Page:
Home » Breaking News » Work to tackle foul odours in Meelick on track to proceed
Deputy Cathal Crowe, pictured five years ago with residents of Ballycannon Heights Meelick Majella Sheehan and Sam Browne discussing the ongoing issues with the sewerage plant in the estate. Photograph by John Kelly.

Work to tackle foul odours in Meelick on track to proceed

FOLLOWING a series of false dawns, it looks like works are finally on track to replace a 40-year-old sewerage treatment plant in South-East Clare that is causing foul odours for local residents.

Householders in Ballycannon Heights, Meelick, have campaigned for years to get Clare County Council, and in more recent years Irish Water, to replace a waste water treatment plant that is no longer fit for purpose.

Responding to Clare Champion queries, Irish Water confirmed land acquisition for this project is underway and it is expected that a CPO will be submitted in the coming weeks.

“The construction start date will be subject to the completion of this process and planning approval,” said an Irish Water spokesman.

Fianna Fáil TD for Clare Cathal Crowe is insisting that works to put in place a proper wastewater treatment plant for Ballycannon Heights should be separated from the ongoing Limerick Northern Distributor Road project.

Temporary infrastructure was put in place back in the 1980s and 40 years on, still functions as the main wastewater treatment for the estate.

This despite it no longer fulfilling its function and leading to dangerous, nauseous odours seeping out in fine weather.

There have been concerns locally that this project would be delayed due to the issues impacting on the LNDR construction but Deputy Crowe has received assurances that this is not the case.

“I’m from this locality and I know first-hand, having many times stood out on the road with residents and being knocked out by the nauseating gases, just how serious this issue is,” said Deputy Crowe.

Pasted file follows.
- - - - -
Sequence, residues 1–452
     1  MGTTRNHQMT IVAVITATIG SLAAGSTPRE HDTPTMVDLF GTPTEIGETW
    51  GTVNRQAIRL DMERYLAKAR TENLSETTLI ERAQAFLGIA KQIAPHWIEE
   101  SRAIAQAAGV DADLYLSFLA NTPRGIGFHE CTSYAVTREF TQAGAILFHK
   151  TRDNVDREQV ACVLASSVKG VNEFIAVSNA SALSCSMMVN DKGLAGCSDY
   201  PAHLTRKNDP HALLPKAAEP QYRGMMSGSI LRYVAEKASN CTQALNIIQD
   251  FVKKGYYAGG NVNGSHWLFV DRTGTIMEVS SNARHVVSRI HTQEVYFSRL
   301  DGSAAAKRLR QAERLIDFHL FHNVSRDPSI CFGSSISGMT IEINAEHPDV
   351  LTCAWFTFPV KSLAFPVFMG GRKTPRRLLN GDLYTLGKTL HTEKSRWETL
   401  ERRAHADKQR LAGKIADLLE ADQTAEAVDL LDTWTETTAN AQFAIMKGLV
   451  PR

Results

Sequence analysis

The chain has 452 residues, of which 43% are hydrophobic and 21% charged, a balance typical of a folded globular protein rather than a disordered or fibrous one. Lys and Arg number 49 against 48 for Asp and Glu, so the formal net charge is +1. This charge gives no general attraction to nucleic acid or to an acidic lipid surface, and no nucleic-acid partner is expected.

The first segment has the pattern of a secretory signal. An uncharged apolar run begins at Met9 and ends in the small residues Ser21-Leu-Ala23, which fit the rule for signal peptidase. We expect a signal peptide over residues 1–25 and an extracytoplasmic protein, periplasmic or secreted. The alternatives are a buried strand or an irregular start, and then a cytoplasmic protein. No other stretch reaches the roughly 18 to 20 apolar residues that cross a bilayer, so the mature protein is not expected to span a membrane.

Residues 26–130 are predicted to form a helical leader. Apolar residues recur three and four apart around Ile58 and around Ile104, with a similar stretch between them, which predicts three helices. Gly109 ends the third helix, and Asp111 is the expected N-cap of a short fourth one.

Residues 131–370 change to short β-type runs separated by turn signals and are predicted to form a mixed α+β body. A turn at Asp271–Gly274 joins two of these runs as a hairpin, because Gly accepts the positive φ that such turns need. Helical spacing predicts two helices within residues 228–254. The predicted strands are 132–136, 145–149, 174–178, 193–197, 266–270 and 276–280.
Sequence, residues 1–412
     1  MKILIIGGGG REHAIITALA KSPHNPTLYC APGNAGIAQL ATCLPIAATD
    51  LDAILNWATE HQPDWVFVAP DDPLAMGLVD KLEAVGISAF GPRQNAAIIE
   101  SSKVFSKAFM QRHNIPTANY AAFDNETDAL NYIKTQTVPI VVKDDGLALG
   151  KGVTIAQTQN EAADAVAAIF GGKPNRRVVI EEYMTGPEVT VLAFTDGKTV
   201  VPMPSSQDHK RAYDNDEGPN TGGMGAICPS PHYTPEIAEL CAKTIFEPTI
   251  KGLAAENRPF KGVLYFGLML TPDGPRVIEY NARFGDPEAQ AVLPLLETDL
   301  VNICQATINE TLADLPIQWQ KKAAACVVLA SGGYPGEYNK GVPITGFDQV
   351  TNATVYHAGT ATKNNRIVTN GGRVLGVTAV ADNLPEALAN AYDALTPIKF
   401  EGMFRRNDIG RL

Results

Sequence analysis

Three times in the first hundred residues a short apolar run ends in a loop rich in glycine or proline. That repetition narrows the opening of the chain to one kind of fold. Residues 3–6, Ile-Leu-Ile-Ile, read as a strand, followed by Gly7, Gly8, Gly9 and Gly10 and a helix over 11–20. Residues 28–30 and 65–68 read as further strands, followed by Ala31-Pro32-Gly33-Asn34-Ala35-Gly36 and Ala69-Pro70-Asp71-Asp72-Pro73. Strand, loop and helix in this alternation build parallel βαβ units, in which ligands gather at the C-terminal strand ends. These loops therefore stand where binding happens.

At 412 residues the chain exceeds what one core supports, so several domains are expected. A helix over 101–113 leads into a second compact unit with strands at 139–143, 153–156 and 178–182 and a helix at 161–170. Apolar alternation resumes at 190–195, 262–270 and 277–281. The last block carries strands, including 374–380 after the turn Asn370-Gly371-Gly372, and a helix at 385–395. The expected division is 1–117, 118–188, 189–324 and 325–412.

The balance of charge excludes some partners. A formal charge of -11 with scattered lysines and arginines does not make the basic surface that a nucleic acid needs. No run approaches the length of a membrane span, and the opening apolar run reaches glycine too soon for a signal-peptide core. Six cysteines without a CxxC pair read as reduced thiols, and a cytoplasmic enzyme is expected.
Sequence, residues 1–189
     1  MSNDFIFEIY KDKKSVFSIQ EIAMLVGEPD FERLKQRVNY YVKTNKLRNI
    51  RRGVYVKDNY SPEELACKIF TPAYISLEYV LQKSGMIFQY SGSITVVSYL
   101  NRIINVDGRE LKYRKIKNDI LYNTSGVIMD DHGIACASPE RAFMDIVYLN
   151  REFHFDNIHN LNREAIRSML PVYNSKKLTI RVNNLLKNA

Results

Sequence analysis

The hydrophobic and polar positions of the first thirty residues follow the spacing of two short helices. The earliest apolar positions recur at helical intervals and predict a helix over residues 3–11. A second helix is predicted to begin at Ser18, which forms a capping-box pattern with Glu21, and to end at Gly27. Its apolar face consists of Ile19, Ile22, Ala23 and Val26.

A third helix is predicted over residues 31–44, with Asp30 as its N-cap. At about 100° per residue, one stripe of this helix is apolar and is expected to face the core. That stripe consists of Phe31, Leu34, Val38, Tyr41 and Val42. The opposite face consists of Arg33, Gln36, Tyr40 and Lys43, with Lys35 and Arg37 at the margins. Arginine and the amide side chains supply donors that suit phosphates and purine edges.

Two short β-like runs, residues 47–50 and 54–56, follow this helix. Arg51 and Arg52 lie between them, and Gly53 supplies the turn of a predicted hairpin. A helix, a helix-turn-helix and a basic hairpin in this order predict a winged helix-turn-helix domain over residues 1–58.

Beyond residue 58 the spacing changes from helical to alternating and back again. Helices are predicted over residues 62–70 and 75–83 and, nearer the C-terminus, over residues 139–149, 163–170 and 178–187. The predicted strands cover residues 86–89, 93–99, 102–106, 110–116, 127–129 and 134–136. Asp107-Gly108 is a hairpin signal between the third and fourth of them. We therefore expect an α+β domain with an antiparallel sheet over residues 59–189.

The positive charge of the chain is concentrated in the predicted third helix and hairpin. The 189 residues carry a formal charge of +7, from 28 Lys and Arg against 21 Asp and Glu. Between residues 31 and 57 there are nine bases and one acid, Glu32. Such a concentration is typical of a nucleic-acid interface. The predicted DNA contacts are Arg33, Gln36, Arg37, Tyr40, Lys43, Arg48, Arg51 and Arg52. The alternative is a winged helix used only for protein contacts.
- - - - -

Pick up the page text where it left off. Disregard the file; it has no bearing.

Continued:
“This was designed as a temporary solution in the 1980s but has become a permanent fixture in the estate and absolutely is not fit for purpose, 40 years on.

“On health and safety grounds, it’s essential that this project is uncoupled from the LNDR and proceeds in the quickest possible time.

“My fear is that this summer will be a repeat of every other summer of recent years, where we have these vomit-inducing smells emitting from the wastewater treatment plant.”

The Meelick Deputy confirmed he in constant contact with Irish Water on this issue as he does not want to see this slip between the cracks at this critical juncture.

The Fianna Fáil Deputy has been informed by Irish Water that land acquisition is underway, and a Compulsory Purchase Order is due to be published next month.

“Assuming there are no delays in the CPO process Irish Water expect construction to commence before the end of 2022.”

About Dan Danaher

Check Also

Cliffs partners with UL on new tourism research project

Clare County Council has partnered with the University of Limerick (UL) to sponsor a new …